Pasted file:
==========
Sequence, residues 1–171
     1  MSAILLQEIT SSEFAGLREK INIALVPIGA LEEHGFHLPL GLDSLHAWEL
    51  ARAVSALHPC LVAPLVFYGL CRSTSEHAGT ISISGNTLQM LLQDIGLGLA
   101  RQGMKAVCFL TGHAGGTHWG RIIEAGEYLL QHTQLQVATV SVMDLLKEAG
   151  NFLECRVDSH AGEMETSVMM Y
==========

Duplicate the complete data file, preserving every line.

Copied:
Sequence, residues 1–171
     1  MSAILLQEIT SSEFAGLREK INIALVPIGA LEEHGFHLPL GLDSLHAWEL
    51  ARAVSALHPC LVAPLVFYGL CRSTSEHAGT ISISGNTLQM LLQDIGLGLA
   101  RQGMKAVCFL TGHAGGTHWG RIIEAGEYLL QHTQLQVATV SVMDLLKEAG
   151  NFLECRVDSH AGEMETSVMM Y